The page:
Suvadana, aka: Suvadanā; 3 Definition(s)

Introduction

Suvadana means something in Buddhism, Pali, Hinduism, Sanskrit. If you want to know the exact meaning, history, etymology or English translation of this term then check out the descriptions on this page. Add your comment or reference to a book if you want to contribute to this summary article.

In Hinduism

Natyashastra (theatrics and dramaturgy)

Suvadanā (सुवदना) refers to a type of syllabic metre (vṛtta), according to the Nāṭyaśāstra chapter 16. In this metre, the first four, the sixth, the seventh, the fourteenth, the fifteenth, the sixteenth and the twentieth syllables of a foot (pāda) are heavy (guru), while the rest of the syllables are light (laghu).

⎼⎼⎼¦⎼⏑⎼¦⎼⏑⏑¦⏑⏑⏑¦⏑⎼⎼¦⎼⏑⏑¦⏑⎼¦¦⎼⎼⎼¦⎼⏑⎼¦⎼⏑⏑¦⏑⏑⏑¦⏑⎼⎼¦⎼⏑⏑¦⏑⎼¦¦
⎼⎼⎼¦⎼⏑⎼¦⎼⏑⏑¦⏑⏑⏑¦⏑⎼⎼¦⎼⏑⏑¦⏑⎼¦¦⎼⎼⎼¦⎼⏑⎼¦⎼⏑⏑¦⏑⏑⏑¦⏑⎼⎼¦⎼⏑⏑¦⏑⎼¦¦

Suvadanā falls in the Kṛti class of chandas (rhythm-type), which implies that verses constructed with this metre have four pādas (‘foot’ or ‘quarter-verse’) containing twenty syllables each.

Source: Wisdom Library: Nāṭya-śāstra
Natyashastra book cover
context information

Natyashastra (नाट्यशास्त्र, nāṭyaśāstra) refers to both the ancient Indian tradition (śāstra) of performing arts, (nāṭya, e.g., theatrics, drama, dance, music), as well as the name of a Sanskrit work dealing with these subjects. It also teaches the rules for composing dramatic plays (nataka) and poetic works (kavya).

Discover the meaning of suvadana in the context of Natyashastra from relevant books on Exotic India

Chandas (prosody, study of Sanskrit metres)

Suvadana in Chandas glossary... « previous · [S] · next »

1) Suvadanā (सुवदना) refers to one of the 135 metres (chandas) mentioned by Nañjuṇḍa (1794-1868 C.E.) in his Vṛttaratnāvalī. Nañjuṇḍa was a poet of both Kannada and Sanskrit literature flourished in the court of the famous Kṛṣṇarāja Woḍeyar of Mysore. He introduces the names of these metres (eg., Suvadanā) in 20 verses.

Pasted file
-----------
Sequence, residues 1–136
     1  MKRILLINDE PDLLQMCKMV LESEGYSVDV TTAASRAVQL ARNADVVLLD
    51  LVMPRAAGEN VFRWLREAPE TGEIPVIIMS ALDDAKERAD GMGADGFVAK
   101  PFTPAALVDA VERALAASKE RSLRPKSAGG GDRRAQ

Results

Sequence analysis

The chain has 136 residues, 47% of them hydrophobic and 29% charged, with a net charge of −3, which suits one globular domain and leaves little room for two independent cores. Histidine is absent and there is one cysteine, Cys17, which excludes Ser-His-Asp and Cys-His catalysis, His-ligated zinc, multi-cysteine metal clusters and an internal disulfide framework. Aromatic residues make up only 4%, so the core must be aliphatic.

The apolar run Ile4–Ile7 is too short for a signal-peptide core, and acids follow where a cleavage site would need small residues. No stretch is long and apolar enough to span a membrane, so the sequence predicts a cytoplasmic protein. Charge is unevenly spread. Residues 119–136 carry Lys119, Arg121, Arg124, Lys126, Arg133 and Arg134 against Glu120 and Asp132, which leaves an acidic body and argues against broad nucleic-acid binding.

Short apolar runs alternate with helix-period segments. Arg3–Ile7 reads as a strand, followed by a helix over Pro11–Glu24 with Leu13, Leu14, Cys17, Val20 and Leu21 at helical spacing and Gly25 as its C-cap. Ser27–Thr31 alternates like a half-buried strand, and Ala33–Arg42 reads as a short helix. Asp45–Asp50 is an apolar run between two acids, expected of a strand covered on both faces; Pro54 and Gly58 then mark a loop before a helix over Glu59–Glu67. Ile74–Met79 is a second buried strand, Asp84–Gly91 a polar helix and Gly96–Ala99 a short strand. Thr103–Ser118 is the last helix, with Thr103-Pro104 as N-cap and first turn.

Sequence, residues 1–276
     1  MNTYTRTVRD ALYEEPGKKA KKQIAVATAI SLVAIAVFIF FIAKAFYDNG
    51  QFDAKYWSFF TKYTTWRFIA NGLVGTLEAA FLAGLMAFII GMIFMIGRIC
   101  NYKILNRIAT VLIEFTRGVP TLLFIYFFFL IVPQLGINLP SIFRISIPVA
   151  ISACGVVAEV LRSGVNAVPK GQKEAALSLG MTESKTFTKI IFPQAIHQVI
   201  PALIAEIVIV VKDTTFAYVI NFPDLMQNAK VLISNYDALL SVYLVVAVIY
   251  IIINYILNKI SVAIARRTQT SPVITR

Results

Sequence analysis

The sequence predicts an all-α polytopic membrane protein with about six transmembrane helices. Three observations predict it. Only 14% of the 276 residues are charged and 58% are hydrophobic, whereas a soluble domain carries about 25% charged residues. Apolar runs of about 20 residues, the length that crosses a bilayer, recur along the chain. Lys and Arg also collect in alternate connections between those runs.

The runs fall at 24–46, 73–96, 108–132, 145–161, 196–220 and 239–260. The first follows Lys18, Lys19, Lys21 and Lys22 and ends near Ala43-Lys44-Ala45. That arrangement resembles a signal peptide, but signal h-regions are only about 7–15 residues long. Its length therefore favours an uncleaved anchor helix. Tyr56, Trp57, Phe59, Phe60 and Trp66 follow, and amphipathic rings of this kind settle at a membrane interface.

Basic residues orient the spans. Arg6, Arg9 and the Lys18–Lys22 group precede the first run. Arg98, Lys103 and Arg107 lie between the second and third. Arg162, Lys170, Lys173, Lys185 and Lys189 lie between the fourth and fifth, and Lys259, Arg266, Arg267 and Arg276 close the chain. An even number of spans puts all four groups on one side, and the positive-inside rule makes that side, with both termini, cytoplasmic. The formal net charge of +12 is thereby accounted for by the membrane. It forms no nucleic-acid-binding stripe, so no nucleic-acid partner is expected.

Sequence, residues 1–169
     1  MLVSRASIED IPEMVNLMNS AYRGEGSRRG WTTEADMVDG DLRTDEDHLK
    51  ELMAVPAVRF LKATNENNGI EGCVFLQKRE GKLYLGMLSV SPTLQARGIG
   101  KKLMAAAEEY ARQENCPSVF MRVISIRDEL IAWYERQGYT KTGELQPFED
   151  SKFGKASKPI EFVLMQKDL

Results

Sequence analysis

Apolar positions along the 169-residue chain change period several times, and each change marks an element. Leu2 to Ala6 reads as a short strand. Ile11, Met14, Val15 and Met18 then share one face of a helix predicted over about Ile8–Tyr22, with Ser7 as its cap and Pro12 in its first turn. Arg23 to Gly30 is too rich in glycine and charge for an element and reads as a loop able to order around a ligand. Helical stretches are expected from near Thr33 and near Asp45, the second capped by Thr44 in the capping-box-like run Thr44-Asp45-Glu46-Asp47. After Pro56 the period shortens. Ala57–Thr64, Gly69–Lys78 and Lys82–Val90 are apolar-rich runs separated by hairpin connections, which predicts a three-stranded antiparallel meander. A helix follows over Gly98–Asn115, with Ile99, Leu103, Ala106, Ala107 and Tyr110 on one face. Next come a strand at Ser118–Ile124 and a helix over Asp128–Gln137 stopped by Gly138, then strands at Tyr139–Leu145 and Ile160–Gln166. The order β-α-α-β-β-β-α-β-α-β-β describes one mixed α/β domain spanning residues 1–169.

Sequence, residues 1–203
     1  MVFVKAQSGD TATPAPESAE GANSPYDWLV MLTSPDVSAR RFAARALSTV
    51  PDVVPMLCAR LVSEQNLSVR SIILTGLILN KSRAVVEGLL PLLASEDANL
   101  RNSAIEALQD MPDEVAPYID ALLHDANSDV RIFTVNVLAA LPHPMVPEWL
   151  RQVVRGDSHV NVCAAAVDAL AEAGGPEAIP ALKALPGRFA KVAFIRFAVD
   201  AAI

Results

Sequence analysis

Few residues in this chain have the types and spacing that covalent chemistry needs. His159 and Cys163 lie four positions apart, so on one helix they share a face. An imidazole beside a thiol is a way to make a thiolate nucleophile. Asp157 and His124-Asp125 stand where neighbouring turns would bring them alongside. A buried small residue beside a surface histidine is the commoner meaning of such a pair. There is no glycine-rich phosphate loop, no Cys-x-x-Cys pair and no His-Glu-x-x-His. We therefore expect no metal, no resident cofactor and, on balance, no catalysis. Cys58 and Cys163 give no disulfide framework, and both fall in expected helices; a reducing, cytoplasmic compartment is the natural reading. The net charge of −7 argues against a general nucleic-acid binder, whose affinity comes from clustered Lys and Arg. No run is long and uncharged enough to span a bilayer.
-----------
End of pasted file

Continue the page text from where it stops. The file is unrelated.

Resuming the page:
2) Suvadanā (सुवदना) means a lady with a beautiful face. Vāsudeva (18th century) has used this metre in right place where he describes the happiness of the Gandharva namely Huhū, (who got salvation by Lord Viṣṇu) by seeing his previous physical body and wives in front of him. The happiness of the Gandharva and his wives by seeing each other has been described to justify the name of the metre.

3) Suvadanā (सुवदना) refers to one of the seventy-two sama-varṇavṛtta (regular syllabo-quantitative verse) mentioned in the 334th chapter of the Agnipurāṇa. The Agnipurāṇa deals with various subjects viz. literature, poetics, grammar, architecture in its 383 chapters and deals with the entire science of prosody (eg., the suvadanā metre) in 8 chapters (328-335) in 101 verses in total.

Source: Shodhganga: a concise history of Sanskrit Chanda literature
Chandas book cover
context information

Chandas (छन्दस्) refers to Sanskrit prosody and represents one of the six Vedangas (auxiliary disciplines belonging to the study of the Vedas). The science of prosody (chandas-shastra) focusses on the study of the poetic meters such as the commonly known twenty-six metres mentioned by Pingalas.

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In Buddhism

Mahayana (major branch of Buddhism)

Suvadana in Mahayana glossary... « previous · [S] · next »

Suvadana (सुवदन) is the name of a Buddha under whom Śākyamuni (or Gautama, ‘the historical Buddha’) acquired merit along the first through nine bhūmis, according to the Mahāvastu. There are in total ten bhūmis representing the ten stages of the Bodhisattva’s path towards enlightenment.

Suvadana is but one among the 500 Buddhas enumerated in the Mahāvastu during a conversation between Mahākātyāyana and Mahākāśyapa, both principle disciples of Gautama Buddha. The Mahāvastu is an important text of the Lokottaravāda school of buddhism, dating from the 2nd century BCE.

Source: Wisdom Library: Lokottaravāda
Mahayana book cover
context information

Mahayana (महायान, mahāyāna) is a major branch of Buddhism focusing on the path of a Bodhisattva (spiritual aspirants/ enlightened beings). Extant literature is vast and primarely composed in the Sanskrit language. There are many sūtras of which some of the earliest are the various Prajñāpāramitā sūtras.

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